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Public Exploits Give Attackers a Head Start


Vulnerability management is often described as a race, where enterprise defenders try to patch vulnerabilities before they can be exploited, and attackers try to exploit the flaws while the systems are still vulnerable. The latest research from Kenna Security and Cyentia Institute found that attackers have a head start over defenders if the exploit code is available for a vulnerability before a patch is released. However, that didn’t mean that defenders didn’t benefit from having the code before a patch.

When exploit code is available “in the wild,” it gives attackers a 47-day head start on their attacks, Kenna and Cyentia said in the sixth volume of the Prioritization to Prediction report. Depending on whether exploit code was released first or a patch was released first, there were periods when attackers had the momentum to carry out their attacks and when defenders had the momentum to remediate their systems and defend against attacks. Over the 15-month study period, attackers had the upper hand for nine months, while defenders had the advantage for six months.

“[The] timing of exploit code release can shift the balance in favor of attackers or defenders,” said Ed Bellis, CTO of Kenna Security.

There were more than 17,000 CVEs published in 2019, but just 473 were actually exploited in the wild, the researchers found. This is consistent with earlier research from Kenna and Cyentia that found that a small subset of vulnerabilities get exploited in attacks. This volume focused on the 473 publicly exploited vulnerabilities to compare the timeline of exploit development with how vulnerabilities are managed. For the purpose of this research, exploit code considers attack code developed by the adversaries, as well as proof-of-concept code that may accompany a disclosure report and tests that allow defenders to determine if their systems are vulnerable.

The analysis—which drew on data compiled by Kenna Security from its various services and data collected by Fortinet’s security appliances—found that exploit code was already available for more than 50 percent of vulnerabilities (which were eventually exploited in the wild) by the time the CVEs were published. To balance things out, 80 percent of those CVEs were published at the same time the patches were released. While there is strong evidence that early disclosure of exploit code gives attackers an advantage, that doesn’t mean that defenders don’t benefit from having access to the exploit code before a patch.

One long-held assumption in security is that vulnerabilities are being exploited in the wild means everyone should consider themselves under attack. The perception is that the "probability of exploitation goes from 0 to 1 overnight," the researchers wrote. However, an exploit in the wild did not mean that attacks were “raging hog wild across the internet.”

Exploited in the wild does not mean widely exploited, Cyentia co-founder Jay Jacobs said. Just 6 percent of the vulnerabilities being exploited in the wild were found in attacks against more than 1 out of 100 organizations. Less than 1 percent were in attacks against 1 out of 3 organizations, which would be an example of a "spray and pray" attack, where adversaries launch indiscriminate attacks against a large pool of victims. About three-quarters of the publicly exploited CVEs were found in attacks against 1 in 11,000 organizations.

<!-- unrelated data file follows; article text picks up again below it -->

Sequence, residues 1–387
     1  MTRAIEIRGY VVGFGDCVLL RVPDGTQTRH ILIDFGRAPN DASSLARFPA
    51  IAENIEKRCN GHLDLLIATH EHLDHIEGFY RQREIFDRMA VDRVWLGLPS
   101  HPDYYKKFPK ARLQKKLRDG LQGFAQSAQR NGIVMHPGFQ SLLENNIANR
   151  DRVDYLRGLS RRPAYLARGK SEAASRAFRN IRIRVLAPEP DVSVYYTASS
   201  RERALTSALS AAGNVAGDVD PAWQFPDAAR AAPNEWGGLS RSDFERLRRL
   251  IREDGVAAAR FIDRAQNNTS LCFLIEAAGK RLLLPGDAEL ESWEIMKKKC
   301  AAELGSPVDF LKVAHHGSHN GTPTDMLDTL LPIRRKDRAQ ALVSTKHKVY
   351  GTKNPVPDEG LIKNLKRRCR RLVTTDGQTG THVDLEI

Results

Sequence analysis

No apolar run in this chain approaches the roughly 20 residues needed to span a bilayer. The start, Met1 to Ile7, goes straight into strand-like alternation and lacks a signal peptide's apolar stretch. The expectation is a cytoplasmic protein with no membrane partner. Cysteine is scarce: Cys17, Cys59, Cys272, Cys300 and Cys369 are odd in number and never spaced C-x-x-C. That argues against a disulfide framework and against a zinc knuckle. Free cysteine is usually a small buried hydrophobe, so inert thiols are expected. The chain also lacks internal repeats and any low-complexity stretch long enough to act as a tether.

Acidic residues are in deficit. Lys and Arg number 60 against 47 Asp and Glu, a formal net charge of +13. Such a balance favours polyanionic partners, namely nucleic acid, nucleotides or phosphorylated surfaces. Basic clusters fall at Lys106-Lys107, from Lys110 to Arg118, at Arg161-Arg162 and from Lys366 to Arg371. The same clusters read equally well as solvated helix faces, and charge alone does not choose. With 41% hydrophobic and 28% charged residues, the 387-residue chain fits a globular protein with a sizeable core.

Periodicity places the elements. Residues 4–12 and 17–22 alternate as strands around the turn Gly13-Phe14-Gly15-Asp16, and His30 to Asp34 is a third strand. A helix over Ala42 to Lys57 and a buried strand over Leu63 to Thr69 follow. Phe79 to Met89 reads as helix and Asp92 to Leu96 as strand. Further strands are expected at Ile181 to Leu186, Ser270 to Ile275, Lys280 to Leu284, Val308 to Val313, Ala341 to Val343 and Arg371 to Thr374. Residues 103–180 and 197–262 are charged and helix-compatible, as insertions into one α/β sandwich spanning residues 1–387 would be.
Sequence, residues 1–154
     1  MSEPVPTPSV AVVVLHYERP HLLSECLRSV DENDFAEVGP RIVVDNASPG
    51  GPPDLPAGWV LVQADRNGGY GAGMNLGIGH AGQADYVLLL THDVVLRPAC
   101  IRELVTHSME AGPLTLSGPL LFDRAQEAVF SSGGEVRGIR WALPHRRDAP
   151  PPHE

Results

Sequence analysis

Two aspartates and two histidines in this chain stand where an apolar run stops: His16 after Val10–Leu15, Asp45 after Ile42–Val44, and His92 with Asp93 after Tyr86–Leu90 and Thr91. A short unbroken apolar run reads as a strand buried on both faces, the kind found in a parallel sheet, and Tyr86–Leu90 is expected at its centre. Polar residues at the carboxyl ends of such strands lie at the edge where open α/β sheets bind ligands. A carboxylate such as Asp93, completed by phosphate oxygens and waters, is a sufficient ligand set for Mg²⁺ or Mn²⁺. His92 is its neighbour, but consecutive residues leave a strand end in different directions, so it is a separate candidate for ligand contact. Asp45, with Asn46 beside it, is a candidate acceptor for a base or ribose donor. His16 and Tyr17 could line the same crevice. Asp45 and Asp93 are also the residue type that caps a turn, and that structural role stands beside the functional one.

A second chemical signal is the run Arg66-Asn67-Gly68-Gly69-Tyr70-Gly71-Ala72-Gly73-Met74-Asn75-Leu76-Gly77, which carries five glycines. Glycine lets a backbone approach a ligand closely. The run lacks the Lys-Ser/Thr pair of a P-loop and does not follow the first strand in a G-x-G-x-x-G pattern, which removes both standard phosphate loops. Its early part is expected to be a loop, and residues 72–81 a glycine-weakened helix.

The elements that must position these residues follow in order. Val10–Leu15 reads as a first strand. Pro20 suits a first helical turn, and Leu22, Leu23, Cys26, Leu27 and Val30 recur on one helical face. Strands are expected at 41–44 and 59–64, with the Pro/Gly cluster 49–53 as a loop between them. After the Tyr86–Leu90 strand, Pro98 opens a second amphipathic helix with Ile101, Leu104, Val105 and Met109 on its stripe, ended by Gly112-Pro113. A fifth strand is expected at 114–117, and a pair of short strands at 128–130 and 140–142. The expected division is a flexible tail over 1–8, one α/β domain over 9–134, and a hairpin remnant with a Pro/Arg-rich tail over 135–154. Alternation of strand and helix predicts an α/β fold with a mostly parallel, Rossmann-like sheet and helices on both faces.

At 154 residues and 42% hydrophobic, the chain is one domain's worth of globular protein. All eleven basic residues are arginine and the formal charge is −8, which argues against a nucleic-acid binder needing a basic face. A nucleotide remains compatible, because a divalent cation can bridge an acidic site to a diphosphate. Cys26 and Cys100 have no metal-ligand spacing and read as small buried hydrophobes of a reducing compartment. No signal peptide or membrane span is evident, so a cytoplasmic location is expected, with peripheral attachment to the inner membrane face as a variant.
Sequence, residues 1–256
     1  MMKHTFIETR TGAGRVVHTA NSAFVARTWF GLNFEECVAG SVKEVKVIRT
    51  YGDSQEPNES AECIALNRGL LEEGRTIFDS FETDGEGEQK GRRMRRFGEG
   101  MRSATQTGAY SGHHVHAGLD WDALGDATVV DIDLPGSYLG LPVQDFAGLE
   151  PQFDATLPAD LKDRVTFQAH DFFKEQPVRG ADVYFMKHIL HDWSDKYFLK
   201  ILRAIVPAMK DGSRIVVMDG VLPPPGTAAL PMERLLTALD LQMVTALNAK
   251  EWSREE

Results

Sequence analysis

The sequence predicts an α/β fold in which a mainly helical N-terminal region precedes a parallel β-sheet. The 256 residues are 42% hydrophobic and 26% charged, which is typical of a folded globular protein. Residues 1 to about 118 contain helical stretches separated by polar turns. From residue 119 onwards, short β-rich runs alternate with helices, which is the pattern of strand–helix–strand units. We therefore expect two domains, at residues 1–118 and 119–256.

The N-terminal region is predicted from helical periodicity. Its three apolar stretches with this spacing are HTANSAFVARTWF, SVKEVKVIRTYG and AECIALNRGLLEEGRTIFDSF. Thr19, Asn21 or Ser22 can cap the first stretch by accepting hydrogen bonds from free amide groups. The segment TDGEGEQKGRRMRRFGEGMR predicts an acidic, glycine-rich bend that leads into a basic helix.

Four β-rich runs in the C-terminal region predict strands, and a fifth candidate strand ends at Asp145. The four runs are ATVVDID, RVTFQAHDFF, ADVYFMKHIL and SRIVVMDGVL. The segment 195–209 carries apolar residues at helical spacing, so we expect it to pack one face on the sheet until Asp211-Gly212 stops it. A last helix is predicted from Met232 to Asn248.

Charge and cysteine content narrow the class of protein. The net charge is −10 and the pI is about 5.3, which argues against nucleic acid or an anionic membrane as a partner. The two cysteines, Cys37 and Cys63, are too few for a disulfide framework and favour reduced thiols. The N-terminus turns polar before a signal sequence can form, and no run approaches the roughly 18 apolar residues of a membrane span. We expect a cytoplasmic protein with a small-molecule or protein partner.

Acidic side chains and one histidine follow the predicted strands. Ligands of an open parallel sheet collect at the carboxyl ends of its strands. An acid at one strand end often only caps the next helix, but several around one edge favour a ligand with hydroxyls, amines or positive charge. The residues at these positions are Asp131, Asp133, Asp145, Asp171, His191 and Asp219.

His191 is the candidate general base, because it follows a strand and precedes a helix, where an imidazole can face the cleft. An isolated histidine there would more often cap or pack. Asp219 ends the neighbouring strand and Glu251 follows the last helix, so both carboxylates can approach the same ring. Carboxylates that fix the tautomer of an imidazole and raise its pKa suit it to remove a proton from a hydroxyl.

“Exploited in the wild does not necessarily mean you are exploited,” Bellis said.

How to Disclose?

That 47-day advantage makes it really tempting to argue that this is why disclosing vulnerabilities and developing proofs of concepts exploit code before a patch is released is irresponsible. But the data doesn’t quite go that far, Cyentia co-found Jay Jacobs said. It is possible that releasing a proof-of-concept makes it easier to detect that an attack is in progress, not that it makes it easier to launch an attack. Perhaps the attacks have already been in progress, but there was no way to detect it beforehand. Release of the code made it possible to detect, because the defenders now have a way to find the attacks.

The disclosure debate will continue, Jacobs said.

Understanding the Lifecycle

The analysis looked at the lifecycle of a vulnerability—when it was discovered, when a CVE was reserved, when the details of the vulnerability was published (as a CVE), when a patch was released, when the flaw could be detected by vulnerability scanners, and when it was exploited—and found that in most cases, there wasn’t a clear pattern. Just 16 percent of the CVEs followed this particular pattern of events. Sometimes the vulnerability was exploited in the wild before a patch was available. Sometimes the exploit code was available before the CVE was published. Sometimes, especially in the case of coordinated disclosure, all of these steps may happen on the same day, or within days of each other.

“There is no standard order of operations,” Bellis said.

As noted earlier, about 60 percent of vulnerabilities have a patch before the CVE is officially published. About 24 percent of the time, an exploit code was public before the patch was released. About 10 percent of the exploitations (the last step in the lifecycle) occurred before a patch was available.

Over 80 percent of vulnerabilities have a patch within a few days following the publication of CVE. Within two days of the patch being released, nearly 80 percent of vulnerabilities can be detected by scanners.

Companies are, for the most part, issuing patches when researchers point them out," Bellis wrote in the blog post. "[Defenders] know where the vulnerability exists across their assets and have the means (the patch) to begin remediating it.